'What we've got here is failure to communicate."

- Captain (played by Strother Martin), "Cool Hand Luke"

And what we South Carolinians have got here is failure to communicate on positive prison policies.

For instance, Spartanburg County Sheriff Chuck Wright communicated Monday that he wants to bring back chain gangs.

The hard-nosed lawman even called a news conference to cite the long criminal record of the 56-year-old suspect charged in last week's 24-hour armed-robbery spree in Spartanburg and Greenville counties as evidence that probation is "not working."

But as Spartanburg's WSPA-TV reported, Sheriff Wright also doesn't see prison time working under current S.C. incarceration circumstances.

So what does Wright, an ardent "Stand Your Ground" advocate, think would work to reduce criminal recidivism?

"I envision them not sitting around in the jails and getting fat on our dollar. I envision them working six days a week, 12 hours a day and not being sentenced to 15 years at the taxpayers' expense."

Wright's chain-gang nostalgia is shared by some state lawmakers, including Rep. Bill Chumley, R-Spartanburg.

But how to sell that 20th century relic in 21st century South Carolina?

Wright: "If you really want to get the public's attention, tell them how much they'll save."

That pitch is based on using convicts to perform such manual labor as cutting grass along highways.

However, University of South Carolina Upstate criminology professor Reid Toth told WSPA that "studies have demonstrated" that a chain gang doesn't "have any rehabilitative effect for the inmates, and it actually brings some security risks to the public."

The S.C. Department of Corrections also expressed security - and cost - concerns.

Here in River City

Closer to home: According to the Charleston County Sheriff's Office website, "The Sheriff Al Cannon Detention Center assigns offenders who are sentenced from various courts to the community service program to provide productive and meaningful work to government agencies, non-profit organizations and the cleanup of public roads."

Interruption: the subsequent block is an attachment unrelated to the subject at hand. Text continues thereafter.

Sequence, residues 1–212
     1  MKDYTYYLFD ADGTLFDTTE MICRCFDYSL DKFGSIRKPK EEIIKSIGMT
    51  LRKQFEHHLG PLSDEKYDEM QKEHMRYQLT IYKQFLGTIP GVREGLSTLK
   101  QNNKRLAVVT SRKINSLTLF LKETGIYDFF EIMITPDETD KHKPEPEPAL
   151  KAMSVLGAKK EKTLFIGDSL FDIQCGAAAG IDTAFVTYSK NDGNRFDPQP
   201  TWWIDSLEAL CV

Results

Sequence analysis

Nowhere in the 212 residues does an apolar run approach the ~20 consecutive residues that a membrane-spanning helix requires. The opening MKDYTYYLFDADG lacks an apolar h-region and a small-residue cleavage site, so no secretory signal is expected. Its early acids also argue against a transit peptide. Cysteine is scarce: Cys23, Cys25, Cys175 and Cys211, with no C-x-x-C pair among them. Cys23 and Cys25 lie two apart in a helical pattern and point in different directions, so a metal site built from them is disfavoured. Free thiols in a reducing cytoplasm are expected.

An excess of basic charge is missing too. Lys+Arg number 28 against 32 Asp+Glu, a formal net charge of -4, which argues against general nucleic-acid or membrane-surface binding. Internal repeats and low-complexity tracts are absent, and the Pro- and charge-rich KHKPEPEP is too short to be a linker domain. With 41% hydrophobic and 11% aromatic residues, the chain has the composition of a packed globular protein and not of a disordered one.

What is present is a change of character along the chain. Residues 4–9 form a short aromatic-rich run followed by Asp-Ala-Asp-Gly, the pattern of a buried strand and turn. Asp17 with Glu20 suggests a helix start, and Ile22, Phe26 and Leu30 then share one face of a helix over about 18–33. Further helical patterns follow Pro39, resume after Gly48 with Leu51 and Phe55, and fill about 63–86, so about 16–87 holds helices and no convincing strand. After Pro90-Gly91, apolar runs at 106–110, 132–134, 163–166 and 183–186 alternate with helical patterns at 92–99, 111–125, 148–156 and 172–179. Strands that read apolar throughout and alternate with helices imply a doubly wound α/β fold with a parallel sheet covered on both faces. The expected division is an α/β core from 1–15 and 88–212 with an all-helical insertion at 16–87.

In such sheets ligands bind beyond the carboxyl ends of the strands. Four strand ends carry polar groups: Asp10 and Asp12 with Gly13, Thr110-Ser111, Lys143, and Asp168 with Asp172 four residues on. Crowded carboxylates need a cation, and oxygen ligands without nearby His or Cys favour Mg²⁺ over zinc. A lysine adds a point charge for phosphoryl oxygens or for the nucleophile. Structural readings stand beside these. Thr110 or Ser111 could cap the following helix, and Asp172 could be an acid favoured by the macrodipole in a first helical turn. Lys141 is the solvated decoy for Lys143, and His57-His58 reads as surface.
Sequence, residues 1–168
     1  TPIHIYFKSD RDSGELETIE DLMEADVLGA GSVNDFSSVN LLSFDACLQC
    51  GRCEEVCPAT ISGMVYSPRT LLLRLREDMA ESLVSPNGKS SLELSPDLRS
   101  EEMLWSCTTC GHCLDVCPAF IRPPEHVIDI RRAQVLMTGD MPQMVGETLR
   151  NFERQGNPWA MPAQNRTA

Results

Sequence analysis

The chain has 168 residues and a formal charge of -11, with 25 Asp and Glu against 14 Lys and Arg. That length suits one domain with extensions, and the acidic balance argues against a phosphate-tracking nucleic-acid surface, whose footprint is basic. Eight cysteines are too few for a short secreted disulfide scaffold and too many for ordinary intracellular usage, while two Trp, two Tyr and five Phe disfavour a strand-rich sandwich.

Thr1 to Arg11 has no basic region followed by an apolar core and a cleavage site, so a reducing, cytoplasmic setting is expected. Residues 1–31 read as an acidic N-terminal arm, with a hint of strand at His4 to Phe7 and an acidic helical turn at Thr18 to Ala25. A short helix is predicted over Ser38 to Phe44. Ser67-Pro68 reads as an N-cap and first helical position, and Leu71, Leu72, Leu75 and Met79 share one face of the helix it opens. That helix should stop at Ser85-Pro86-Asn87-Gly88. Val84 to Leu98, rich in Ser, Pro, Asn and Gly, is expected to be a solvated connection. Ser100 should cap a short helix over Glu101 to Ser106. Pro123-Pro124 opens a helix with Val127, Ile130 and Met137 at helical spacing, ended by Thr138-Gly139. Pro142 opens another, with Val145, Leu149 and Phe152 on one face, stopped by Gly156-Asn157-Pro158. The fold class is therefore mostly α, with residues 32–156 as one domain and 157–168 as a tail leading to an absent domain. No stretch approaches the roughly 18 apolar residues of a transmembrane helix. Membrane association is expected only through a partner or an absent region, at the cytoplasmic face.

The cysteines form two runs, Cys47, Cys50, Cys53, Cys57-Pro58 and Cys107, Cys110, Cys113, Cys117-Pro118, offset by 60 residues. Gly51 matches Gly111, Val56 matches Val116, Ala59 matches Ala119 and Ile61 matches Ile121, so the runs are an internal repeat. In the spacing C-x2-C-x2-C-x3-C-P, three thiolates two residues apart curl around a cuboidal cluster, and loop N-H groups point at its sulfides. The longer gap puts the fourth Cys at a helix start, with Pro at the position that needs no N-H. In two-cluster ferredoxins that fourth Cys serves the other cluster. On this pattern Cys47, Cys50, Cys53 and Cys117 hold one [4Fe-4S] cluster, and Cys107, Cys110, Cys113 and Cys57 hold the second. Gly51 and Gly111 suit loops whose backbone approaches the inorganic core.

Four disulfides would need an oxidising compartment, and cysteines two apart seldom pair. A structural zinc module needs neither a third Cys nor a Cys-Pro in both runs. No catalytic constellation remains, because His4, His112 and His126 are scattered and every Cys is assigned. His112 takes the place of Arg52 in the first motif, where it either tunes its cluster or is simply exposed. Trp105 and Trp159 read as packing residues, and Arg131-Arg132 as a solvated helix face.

And the S.C. Corrections Department has a small program in which minimum-security cons do light work for some county governments - on a voluntary basis. Sheriff Wright wants mandatory chain-gang duty for non-violent offenders.

OK, so roadwork does keep that chain gang busy in 1967's "Cool Hand Luke."

And as Professor Harold Hill (Robert Preston) warns in "Ya Got Trouble" from another cinematic classic, Meredith Wilson's "The Music Man" (1962):

"Friends, the idle brain is the devil's playground."

Yet as law-abiding Post and Courier colleague Glenn Smith has exhaustively reported, our state's reckless habit of warehousing the mentally ill in prisons creates devilish dilemmas, too.

Back to "Cool Hand Luke," set in 1940s Florida:

World War II vet Luke Jackson (Paul Newman in his blue-eyed prime), initially serving two years for removing tops from parking meters, repeatedly escapes from a prison farm and is repeatedly recaptured and brought back to it to serve more time - and to suffer more severe punishments,

Captain, laying down his law: "You run one time, you got yourself a set of chains. You run twice you got yourself two sets. You ain't gonna need no third set, 'cause you gonna get your mind right."

Therein lies the persisting challenge of rehabilitating a criminal:

How can we get his "mind right"?

Another puzzle: How can we South Carolinians not in stir get our minds right about the consequences of our underfunded, overwhelmed state prison system?

Sure, it's annoying to think that convicts in some ways have it easier than the taxpaying folks paying their ways.

So would you rather do your job or do time?

And though too many comedians too often use the appalling prevalence of prison rape as a punch line, that sick joke is on our entire society.

Pros and cons

No, prisoners shouldn't be coddled. But neither should they be abused.

Yes, putting cons to productive work makes sense. But chain gangs would likely cost - not save - money.

Plus, fresh roadside images of convicts, many of them black (though the "Cool Hand Luke" cons are white), forced into demanding physical toil would revive ugly stereotypes.

As Sam Cooke put it in his captivating 1960 hit record "Chain Gang":

"You hear them moaning their lives away."

Take that as fair warning against a chain-gang comeback.

And if you're bad and/or unlucky enough to become a prison-farm inmate, take these "Cool Hand Luke" words from Carr the floor walker (Clifton James) seriously:

"These here spoons you keep with you. Any man loses his spoon spends a night in the box."

Frank Wooten is assistant editor of The Post and Courier. His email is wooten@postandcourier.com.